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Ukrainian Socialists Have A Bone To Pick With Lefties In The West

Leftists in Western countries do not understand Ukraine’s complicated relationship with nonproliferation and disarmament.

Words: Terrell Jermaine Starr
Pictures: Artur Voznenko

Vladyslav Starodubtsev is pretty annoyed with lefties in the United States and Europe.

Too many of them, he says, parrot Kremlin talking points that NATO provoked Russia into invading Ukraine (“That’s bullshit,” he told me) and that the West’s refusal to negotiate with President Vladimir Putin will lead to nuclear war. In his view, progressives in the United States and Europe, whom he generally aligns with when it comes to fighting capitalism and supporting workers’ rights, are out of touch when it comes to their regional security, especially when the culprit is not Washington or Brussels. Starodubtsev added many of these people are, to some extent, influenced by the discourse of “tankies” — people who align with authoritarian states while posing as a left-wing.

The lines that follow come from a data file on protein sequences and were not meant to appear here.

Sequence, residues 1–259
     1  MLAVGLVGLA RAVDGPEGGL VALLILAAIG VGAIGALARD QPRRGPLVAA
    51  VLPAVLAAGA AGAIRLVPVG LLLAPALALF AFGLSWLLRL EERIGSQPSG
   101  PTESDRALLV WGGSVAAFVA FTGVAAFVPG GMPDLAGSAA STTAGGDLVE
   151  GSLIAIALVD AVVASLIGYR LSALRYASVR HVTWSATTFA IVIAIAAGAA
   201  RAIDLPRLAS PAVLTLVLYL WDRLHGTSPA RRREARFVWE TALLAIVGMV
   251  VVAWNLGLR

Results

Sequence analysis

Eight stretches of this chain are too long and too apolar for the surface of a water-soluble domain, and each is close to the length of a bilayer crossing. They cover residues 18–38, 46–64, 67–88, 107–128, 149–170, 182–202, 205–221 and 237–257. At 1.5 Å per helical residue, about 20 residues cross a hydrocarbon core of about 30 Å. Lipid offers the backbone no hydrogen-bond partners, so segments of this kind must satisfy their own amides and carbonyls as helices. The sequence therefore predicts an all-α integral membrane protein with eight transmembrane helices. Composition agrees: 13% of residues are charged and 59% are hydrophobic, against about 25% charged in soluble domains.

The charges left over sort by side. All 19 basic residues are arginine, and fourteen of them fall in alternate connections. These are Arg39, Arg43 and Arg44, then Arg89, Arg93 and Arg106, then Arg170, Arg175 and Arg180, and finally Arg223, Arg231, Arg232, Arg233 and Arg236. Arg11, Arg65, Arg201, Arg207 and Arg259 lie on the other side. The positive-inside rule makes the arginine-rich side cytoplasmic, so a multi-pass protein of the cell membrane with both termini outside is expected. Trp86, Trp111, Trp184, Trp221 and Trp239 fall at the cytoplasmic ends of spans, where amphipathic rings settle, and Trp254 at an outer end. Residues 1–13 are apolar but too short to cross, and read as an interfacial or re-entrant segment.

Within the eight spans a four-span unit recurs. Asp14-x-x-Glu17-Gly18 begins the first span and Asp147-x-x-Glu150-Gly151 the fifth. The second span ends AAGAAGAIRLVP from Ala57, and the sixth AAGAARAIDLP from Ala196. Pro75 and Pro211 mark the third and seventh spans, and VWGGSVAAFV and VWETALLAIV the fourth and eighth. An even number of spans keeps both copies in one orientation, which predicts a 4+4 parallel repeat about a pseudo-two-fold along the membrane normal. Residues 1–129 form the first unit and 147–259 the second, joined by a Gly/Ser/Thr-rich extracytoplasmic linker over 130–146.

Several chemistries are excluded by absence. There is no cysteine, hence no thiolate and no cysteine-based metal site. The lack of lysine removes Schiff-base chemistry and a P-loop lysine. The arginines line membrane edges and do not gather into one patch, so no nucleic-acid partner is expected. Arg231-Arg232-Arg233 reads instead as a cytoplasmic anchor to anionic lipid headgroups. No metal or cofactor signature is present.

A head of the Kyiv branch of the Ukrainian democratic socialist nongovernmental organization, Sotsialnyi Rukh (The Social Movement), Starodubtsev said he and its membership oppose imperial uses of military power and do not support the proliferation of nuclear weapons. But because Russia is their neighbor, the conversion around these issues requires nuance and philosophical compromises that his progressive peers in the West have the privilege to ignore — particularly lefties in the United States.